Describe your most meaningful souvenir and why you love it.
Connor: My most meaningful souvenir is the Christmas gift that one of my best friends from Harbin gave to me. It’s a tumbler with the Harbin Institute of Technology’s logo on it, and blueprints of Harbin’s most famous landmarks in the background. I love the tumbler for its design: it perfectly captures H.I.T.’s personality, and it reminds me of Harbin every time I use it.
But what makes me love the tumbler most is that my friend sent it to me months after I had left China for Christmas, 2015. It goes to show that the friendships that you can make studying with a program like C.E.T. Harbin are deep and meaningful — all you have to do is take advantage of the opportunity to live with native students and integrate into the host university’s campus life.
What is one piece of advice you’d give future students traveling with your program?
Connor: The most important thing to remember if you are going to China with C.E.T. Harbin is to jump right into the language pledge. It’s such a unique experience — especially for an American — to go months without speaking your native language. It’s hard no matter what, but the longer you wait after taking the language pledge to begin speaking, the harder it is going to be. So just allow yourself to be embarrassed and have fun with it from the very first day.
Take full advantage of your time with C.E.T. Harbin: the version of Mandarin that they speak in Harbin is the most standard, and the locals are warm and welcoming. I can’t remember a single time anybody in Harbin did anything other than smile and patiently help me whenever I spoke Mandarin.
Describe your program socially and academically.
Connor: C.E.T. Harbin perfectly integrates social and academic life. Each of us had a Chinese roommate, so there were a total of 40 students living together. It’s even better than a homestay — you get the benefits of full language immersion but can remain independent. C.E.T. did a great job of selecting roommates that were as excited to help as we were excited to learn Mandarin.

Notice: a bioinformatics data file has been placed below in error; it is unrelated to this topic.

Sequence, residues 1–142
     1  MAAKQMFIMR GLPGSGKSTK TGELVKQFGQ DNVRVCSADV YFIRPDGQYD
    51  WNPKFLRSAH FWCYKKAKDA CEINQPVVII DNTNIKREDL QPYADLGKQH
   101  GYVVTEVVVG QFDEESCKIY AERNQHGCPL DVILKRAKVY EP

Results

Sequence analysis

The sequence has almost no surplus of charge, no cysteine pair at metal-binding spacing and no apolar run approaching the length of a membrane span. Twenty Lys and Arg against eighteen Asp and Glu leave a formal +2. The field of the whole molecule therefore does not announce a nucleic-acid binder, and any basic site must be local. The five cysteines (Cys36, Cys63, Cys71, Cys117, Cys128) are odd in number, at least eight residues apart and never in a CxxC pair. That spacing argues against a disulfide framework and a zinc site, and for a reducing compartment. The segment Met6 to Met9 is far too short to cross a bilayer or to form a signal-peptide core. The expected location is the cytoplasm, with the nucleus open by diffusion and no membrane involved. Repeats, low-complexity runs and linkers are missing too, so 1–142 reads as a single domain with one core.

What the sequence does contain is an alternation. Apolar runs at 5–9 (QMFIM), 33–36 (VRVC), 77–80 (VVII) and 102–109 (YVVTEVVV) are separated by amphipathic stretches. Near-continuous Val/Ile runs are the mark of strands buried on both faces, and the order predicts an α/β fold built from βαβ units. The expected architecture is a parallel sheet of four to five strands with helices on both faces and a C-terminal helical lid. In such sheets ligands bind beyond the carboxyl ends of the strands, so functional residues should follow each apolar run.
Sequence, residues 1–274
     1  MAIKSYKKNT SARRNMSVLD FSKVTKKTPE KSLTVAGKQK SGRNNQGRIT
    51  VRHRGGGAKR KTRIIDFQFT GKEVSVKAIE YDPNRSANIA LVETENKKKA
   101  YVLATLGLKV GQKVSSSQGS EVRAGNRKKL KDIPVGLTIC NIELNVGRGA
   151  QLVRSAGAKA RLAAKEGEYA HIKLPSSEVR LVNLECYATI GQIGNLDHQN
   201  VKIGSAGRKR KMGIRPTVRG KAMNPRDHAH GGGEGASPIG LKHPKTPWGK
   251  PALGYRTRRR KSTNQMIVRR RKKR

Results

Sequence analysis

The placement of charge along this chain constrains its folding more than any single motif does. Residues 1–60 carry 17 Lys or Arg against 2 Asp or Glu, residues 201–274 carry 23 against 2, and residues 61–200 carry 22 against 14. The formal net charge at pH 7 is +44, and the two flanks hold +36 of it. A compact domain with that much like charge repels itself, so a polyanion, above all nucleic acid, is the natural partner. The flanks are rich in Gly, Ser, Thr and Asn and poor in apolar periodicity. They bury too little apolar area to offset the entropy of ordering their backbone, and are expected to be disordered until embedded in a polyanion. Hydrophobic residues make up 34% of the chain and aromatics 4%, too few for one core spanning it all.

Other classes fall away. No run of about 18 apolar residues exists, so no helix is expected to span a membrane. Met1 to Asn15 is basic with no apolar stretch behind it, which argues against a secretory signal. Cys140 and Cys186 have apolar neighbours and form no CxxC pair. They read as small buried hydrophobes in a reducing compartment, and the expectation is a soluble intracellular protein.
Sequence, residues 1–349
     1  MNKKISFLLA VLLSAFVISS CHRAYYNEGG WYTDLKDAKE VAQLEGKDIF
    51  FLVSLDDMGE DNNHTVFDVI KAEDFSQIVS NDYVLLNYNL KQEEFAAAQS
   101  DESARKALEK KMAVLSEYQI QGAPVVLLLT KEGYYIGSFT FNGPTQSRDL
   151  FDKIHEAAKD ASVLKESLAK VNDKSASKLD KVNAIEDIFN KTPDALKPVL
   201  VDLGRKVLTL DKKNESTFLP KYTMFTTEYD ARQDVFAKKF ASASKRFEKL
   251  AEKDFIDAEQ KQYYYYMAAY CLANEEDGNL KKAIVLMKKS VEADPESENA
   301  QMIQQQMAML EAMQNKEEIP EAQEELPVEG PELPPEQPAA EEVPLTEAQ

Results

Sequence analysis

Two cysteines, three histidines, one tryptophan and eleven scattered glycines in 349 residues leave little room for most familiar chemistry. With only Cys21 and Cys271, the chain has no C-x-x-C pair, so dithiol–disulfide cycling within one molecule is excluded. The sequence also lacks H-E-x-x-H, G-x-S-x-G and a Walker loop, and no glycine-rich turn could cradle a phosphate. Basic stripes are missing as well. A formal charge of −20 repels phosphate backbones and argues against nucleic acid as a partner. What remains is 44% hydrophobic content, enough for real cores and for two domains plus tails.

We had hours of homework each night and a full set of class each day. Although it was challenging, the teachers and administrators were all personable and understanding.
I was most nervous about my one-on-one class — how annoyed would my teacher get if I couldn’t keep up and there wasn’t anybody else to help me out? But in the end, my one-on-one teacher was one of the most patient and effective educators that I have ever met.
Describe your favorite must-have food that you tried abroad.
Connor: I had dongbeicai — the heavy, regional cuisine — every day for a year and I still didn’t get enough. Other than dongbeicai, there were some great Russian restaurants (the bakeries in Harbin are fantastic). But what I miss most is malatang, a spicy soup filled with vegetables and meats in a simmering broth.
There was a fantastic malatang restaurant right outside of my school’s gate. It was an unassuming hole-in-the-wall kind of place, but it was so good. I would walk in, grab a bowl and fill it with all kinds of meats and vegetables.
I would take it to the chef, who would boil everything in a delicious mix of spices, herbs and juices. Best of all, this delicious meal would only cost about $1.50.There are plenty of dongbeicai places where I live, but I still haven’t found a single place that sells malatang.